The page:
HERE HERE YOUR HERE HERE Black Art Movement and the Harlem Renaissance The Black Arts movement is characterized by not only writing, but different paintings and other artistic representations from notable black artists. The foundation of the black arts movement can be traced all the way back to the days of slavery and the birth of the nation, with famous black poets such as Phillis Wheatley whose signed first edition of poems published in 1773 fetched over $30,000 at auction (Peterson, 2006). Additionally, a signed first edition of abolitionist leader Frederick Douglass, written as a narrative of his escape efforts in 1855, is estimated to sell for approximately $25,000 at auction (Peterson). These are valuable because these artists helped to pave the road for the Harlem Renaissance that now categorizes modern African-American art.
The Harlem Renaissance refers to an era of written and artistic creativity among African-Americans that occurred after World War I and lasted until the middle of the 1930s Depression (Lamb and Johnson, 1). It was a period where black Americans, and even some groups of white supporters, began to realize that black people had many creative talents and could provide meaning to their lives through artistic and innovative expression. During this period, black Americans began to embrace their unique cultural heritage and abandoned efforts to mimic the styles of white artists (blackhistory.com, 1). These changes that led to self-esteem development about their heritage occurred on the back of black movement from the segregated South, where many of them and their ancestors were still working as indentured servants, in order to find liberation and connection with their black roots. This growth in the black middle class, as they were able to find jobs, provided them new opportunities to express themselves through dramatic and creative art forms (blackhistory.com). At this period, there was also an interest being formed for jazz music with many white Americans that enjoyed the new sounds of lyrical black expression.
One notable writer from this Harlem Renaissance period was Henry Dumas, who wrote a collection of short stories that described the efforts of different civil rights activists to describing the lethal strength of a sax solo, in order to celebrate the African-American spirit and movement toward liberation as a culture (Flexman, 213). Another novelist, Amiri Baraka, helped to build Black Dialogue, a publication facility that supported black arts. In his poetry, which was considered very risqué during the Harlem Renaissance, he spoke of fists beating niggers out of jocks or setting fire and death to whities ass as a means to show African-American defiance against racial intolerance (Judge, D6). It is poetry like this that often caused social uprising in different black social groups and reminded them that they were still an oppressed people, therefore inspiring the next generation of blacks to explore artistry as a means to help in the cause for civil rights.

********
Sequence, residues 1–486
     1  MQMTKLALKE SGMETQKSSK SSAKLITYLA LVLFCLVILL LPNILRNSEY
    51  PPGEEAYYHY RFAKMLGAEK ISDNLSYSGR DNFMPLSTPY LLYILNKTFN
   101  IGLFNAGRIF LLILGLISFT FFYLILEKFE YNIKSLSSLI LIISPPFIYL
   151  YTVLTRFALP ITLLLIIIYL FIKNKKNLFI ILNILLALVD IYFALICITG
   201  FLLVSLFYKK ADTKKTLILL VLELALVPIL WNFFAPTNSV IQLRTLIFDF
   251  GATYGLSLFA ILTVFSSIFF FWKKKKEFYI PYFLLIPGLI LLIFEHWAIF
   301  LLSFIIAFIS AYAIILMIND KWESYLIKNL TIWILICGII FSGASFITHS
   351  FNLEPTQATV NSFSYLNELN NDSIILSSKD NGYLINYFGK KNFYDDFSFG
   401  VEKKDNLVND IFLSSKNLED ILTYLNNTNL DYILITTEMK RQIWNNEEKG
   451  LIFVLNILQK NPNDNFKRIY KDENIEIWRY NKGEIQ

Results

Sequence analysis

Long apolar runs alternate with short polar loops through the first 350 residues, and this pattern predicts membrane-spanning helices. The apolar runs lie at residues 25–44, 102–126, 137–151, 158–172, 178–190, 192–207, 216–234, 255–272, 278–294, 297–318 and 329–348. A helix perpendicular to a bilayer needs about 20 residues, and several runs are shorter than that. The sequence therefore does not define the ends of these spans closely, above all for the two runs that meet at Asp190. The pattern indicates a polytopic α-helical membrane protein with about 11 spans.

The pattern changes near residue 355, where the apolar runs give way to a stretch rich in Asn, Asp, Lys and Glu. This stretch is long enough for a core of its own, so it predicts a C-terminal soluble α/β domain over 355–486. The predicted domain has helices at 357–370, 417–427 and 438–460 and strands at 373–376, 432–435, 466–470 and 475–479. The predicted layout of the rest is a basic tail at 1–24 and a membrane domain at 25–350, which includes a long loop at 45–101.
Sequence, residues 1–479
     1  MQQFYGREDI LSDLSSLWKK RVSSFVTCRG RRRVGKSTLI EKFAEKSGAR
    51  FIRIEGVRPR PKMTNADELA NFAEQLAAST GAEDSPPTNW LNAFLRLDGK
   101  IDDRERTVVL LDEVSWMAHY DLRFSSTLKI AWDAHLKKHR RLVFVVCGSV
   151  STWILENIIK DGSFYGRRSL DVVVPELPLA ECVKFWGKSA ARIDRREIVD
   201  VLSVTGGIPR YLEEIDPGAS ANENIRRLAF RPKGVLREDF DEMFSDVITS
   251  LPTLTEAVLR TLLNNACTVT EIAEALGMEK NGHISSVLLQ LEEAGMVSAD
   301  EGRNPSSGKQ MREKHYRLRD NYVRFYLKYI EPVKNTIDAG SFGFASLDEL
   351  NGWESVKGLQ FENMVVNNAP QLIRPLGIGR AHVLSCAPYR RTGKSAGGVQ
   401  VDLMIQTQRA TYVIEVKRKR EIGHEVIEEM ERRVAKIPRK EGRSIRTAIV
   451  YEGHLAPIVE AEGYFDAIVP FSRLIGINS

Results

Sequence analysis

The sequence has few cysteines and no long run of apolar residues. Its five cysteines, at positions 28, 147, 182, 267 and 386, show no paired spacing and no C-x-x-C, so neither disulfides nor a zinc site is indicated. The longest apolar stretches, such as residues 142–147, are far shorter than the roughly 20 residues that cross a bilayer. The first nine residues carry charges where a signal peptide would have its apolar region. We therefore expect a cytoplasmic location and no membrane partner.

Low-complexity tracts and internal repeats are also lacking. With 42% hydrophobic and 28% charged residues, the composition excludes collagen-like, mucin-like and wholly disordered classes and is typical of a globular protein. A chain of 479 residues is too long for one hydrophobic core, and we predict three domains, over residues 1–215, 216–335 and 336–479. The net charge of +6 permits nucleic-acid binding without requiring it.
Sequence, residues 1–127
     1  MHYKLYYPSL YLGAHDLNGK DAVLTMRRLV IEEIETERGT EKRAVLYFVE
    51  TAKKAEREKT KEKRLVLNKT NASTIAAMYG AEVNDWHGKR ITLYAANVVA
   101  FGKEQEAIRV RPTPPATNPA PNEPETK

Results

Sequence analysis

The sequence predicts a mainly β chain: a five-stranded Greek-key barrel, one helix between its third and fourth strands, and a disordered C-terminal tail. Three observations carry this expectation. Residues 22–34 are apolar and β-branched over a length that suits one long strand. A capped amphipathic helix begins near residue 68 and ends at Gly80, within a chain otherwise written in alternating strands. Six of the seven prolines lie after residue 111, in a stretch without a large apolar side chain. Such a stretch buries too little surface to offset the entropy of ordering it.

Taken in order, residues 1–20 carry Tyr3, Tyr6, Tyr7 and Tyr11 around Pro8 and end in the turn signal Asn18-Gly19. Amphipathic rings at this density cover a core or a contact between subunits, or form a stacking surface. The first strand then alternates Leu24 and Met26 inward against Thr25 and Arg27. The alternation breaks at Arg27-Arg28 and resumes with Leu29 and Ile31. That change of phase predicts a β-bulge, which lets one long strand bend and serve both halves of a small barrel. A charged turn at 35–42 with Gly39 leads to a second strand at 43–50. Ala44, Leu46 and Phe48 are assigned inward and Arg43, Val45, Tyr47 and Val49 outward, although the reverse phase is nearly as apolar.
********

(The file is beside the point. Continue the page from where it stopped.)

The black arts movement involved many different African-American artists that often used their creative expression and poetry to influence others to reconsider their role in broader, White society. It is likely that without these historical figures, prominent leaders like Martin Luther King, Jr. and Malcolm X would not have been inspired to use peaceful (and sometimes violent) protest that marks the current state of liberation for African-Americans nationwide.
Blackhistory.com. Harlem Renaissance: Background and Summary, 2008. Viewed March 29, 2010 at http://blackhistory.com/cgi-bin/blog.cgi?blog_id=62836amp.cid=54amp.reading=
Flexman, Ellen. Echo Tree: The Collected Short Fiction of Henry Dumas, Library Journal, New York. Vol. 128, Iss. 14, 2003, p.213.
Judge, Michael. In the fray: Baraka’s Enablers Should Share the Credit, Too, Wall Street Journal, New York. October 3, 2002, p.D6.
Lamb, A. and L. Johnson. The Topic: Harlem Renaissance. Viewed March 29, 2010 at http://www.42explore2.com/harlem.htm
Peterson, Thane. Tracking African Americana, Business Week, Iss. 3971, Feb 13, 2006, p.83.